Wednesday, 6 November 2013

Blockbusted: Blockbuster Shuts Down for Good

(c) AP

It seems that video rental chain Blockbuster is finally set to have the plug pulled and have the remains cremated.

Blockbuster LLC, the video-rental company now owned by Dish Network Corp. (DISH), will close its remaining 300 U.S. stores, ending an era for a retail chain that was once a hallmark of shopping centers across the country.

I didn't know Blockbuster still had 300 stores opened, did you?

Unlike most of the hipsters on Twitter who are laughing at the corpse, braying "I told you so! OMG NETFLIX KILLED YOU HAHA!", I prefer to have fond memories of Blockbuster Video.

Yes, Blockbuster failed to adapt to the new digital age, but it doesn't mean that I can't appreciate the role it had in my life.

It is quite strange to see such a large company just completely disappaear. Blockbuster outlets were pretty much EVERYWHERE, and Blockbuster was one of North America's biggest entertainment companies. Before the internet, filing sharing, rampant PPV usage, and easy CD copying, Blockbuster (or Rogers Video) provided the go-to place to get some at-home entertainment.


Here is how I'll remember Blockbuster:

  • When I was first dating my wife, we'd often go to the nearby outlet and rent a movie or two for the night, or get the occasional video game. It gave us a chance to go for a nice walk and cozy up on the couch for a night in. We somewhat homebodies, so a Blockbuster night, especially on a cold, rainy Vancouver night, was just perfect.

  • When I was a kid, I couldn't afford to buy too many video games. I could, however, afford to rent many games for a couple of days. I'd often rent RPGs and just plough through them in the short time I had to rent. These were the days a RPG could be finished in about 20 hours, and not 100.

  • Blockbuster, especially near the end, often had sales on used games and movies. This was a good chance to get some really good deals that you couldn't get elsewhere.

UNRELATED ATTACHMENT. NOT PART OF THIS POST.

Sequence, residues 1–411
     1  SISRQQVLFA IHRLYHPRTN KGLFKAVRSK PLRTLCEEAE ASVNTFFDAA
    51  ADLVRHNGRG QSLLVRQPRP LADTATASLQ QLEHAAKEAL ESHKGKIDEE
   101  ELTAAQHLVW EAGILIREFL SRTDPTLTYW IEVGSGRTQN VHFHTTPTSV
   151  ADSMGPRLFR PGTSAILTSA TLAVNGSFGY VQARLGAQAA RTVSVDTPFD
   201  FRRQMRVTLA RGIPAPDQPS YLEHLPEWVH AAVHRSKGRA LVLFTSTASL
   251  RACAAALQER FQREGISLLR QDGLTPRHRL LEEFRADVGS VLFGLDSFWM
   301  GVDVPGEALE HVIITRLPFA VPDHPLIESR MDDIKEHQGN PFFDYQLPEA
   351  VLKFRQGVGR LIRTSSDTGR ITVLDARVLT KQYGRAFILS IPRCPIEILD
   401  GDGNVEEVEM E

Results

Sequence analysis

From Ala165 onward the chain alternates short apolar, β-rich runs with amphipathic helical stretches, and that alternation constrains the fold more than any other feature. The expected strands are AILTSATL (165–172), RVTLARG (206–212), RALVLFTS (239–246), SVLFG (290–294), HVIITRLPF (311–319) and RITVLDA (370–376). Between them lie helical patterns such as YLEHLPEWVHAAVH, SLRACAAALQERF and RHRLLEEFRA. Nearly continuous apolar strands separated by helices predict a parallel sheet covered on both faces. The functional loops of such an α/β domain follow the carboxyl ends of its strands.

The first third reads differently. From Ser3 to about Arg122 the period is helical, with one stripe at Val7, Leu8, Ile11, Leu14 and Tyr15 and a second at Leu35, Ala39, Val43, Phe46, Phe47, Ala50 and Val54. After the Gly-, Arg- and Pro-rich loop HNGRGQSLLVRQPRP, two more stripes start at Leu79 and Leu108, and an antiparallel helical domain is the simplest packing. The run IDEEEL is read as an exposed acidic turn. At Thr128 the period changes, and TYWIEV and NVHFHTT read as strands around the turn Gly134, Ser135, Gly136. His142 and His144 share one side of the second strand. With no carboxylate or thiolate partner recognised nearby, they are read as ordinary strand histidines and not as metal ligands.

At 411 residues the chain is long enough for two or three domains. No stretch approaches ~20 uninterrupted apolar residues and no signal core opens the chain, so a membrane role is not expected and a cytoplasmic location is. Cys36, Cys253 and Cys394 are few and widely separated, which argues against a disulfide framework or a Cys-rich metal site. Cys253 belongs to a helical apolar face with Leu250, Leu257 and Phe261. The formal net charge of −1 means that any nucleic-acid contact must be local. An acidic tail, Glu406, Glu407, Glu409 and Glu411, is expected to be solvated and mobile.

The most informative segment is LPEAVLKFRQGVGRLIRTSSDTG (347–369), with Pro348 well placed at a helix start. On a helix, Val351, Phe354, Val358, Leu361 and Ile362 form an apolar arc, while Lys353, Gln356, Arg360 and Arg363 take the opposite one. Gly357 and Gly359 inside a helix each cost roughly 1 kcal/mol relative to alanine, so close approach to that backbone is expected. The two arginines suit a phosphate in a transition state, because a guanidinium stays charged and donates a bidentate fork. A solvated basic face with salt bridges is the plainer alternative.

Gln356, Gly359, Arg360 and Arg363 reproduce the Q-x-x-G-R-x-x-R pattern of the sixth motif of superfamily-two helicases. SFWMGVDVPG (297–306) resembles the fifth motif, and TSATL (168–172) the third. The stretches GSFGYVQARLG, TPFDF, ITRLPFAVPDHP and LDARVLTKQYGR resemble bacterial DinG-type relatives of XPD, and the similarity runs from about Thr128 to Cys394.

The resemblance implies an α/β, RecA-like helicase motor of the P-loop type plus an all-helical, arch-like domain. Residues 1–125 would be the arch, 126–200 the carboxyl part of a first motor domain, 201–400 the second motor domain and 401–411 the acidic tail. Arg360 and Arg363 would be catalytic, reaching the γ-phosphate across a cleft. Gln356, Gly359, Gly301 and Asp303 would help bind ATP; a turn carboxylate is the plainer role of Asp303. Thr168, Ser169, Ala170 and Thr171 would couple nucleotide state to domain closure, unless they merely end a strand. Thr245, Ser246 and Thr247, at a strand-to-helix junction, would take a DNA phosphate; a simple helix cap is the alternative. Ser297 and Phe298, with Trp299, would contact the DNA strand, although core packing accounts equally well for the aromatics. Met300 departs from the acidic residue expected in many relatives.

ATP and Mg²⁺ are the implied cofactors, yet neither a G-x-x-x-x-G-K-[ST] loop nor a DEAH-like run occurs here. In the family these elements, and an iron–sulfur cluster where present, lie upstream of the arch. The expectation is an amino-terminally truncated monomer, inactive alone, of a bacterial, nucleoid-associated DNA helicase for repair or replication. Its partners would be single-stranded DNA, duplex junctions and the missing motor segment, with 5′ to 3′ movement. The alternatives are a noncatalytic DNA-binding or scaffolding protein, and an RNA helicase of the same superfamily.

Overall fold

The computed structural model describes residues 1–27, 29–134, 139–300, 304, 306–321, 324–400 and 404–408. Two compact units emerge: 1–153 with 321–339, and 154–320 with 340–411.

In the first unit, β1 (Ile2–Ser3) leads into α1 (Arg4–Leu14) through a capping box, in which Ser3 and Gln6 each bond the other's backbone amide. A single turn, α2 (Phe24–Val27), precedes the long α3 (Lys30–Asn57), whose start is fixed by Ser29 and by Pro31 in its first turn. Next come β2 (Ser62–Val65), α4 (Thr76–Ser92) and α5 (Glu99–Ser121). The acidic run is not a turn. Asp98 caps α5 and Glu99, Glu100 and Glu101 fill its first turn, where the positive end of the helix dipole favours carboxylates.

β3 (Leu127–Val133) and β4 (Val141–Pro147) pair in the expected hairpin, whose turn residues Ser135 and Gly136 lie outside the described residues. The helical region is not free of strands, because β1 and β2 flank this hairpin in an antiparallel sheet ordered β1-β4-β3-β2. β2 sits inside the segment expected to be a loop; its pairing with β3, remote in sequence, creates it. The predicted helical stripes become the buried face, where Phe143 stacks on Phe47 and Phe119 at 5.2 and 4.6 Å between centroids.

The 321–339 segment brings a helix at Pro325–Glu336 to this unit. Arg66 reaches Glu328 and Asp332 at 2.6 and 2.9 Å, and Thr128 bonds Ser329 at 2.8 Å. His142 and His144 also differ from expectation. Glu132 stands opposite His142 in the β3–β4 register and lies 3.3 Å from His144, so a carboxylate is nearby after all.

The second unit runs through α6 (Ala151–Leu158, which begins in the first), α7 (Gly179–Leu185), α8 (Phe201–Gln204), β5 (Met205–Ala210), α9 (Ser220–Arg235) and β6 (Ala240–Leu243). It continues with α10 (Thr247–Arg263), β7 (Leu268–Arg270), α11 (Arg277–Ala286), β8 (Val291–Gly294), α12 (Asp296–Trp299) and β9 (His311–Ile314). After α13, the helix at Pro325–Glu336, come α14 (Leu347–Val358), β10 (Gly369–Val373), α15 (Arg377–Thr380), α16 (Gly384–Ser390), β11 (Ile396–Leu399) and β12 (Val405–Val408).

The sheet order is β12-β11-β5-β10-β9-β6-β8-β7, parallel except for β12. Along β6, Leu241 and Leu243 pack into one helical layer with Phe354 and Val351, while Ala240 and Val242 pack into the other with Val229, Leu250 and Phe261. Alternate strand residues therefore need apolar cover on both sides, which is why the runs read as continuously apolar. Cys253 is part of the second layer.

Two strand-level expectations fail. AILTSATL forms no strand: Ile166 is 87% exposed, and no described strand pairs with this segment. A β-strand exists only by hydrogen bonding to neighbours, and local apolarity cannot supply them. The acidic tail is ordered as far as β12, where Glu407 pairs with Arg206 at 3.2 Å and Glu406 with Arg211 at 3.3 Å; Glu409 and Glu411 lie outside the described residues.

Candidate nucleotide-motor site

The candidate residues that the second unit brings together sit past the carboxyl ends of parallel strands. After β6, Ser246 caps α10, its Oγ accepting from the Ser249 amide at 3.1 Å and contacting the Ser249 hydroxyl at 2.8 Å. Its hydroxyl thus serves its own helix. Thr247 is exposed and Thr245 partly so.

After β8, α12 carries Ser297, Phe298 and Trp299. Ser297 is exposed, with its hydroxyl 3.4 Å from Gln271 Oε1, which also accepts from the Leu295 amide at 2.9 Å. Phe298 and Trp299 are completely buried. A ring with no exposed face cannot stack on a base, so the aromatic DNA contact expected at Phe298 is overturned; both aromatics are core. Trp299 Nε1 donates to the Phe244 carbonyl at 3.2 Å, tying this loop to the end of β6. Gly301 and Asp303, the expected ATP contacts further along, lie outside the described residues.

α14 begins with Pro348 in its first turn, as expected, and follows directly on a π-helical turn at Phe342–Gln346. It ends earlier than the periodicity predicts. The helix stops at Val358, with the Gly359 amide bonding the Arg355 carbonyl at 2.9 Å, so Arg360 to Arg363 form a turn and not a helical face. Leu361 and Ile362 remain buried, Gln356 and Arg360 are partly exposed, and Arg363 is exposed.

• The Tangible: I find it much more satisfying and easier to browse through a physical inventory. Sometimes, you'd come across a movie you hadn't seen or heard of before, and it may turn out to be a hidden gem. It's much harder to browse online than it is in person.

  • The Pain: Spoiled kids these days don't know what it is like to have the movie or game you want OUT. Yes, we had to experience the pain of not always getting what we wanted. It made us appreciate what we did have.

  • Try before you buy: For video games, it's often hard to get demo versions. Renting a game was a good chance to try it out before plunking down $60 on it. Of course, these were the days before free/freemium games came about. 

  • The Con: My friend and I really wanted to rent Final Fantasy, but were a bit short on cash. Blockbuster tagged certain games with different colours, with one colour being the premium games (more expensive) and others being older games. 

    In order to be able to rent the game, my friend changed the tag on the Final Fantasy to be marked as an older game. The clerk said that the game was marked as premium, but, since the game was clearly tagged as an older game, she changed it in the system and we *just* managed to afford the rental. I felt so dirty, yet so devious.
Farewell, Blockbuster, and thanks for the good times.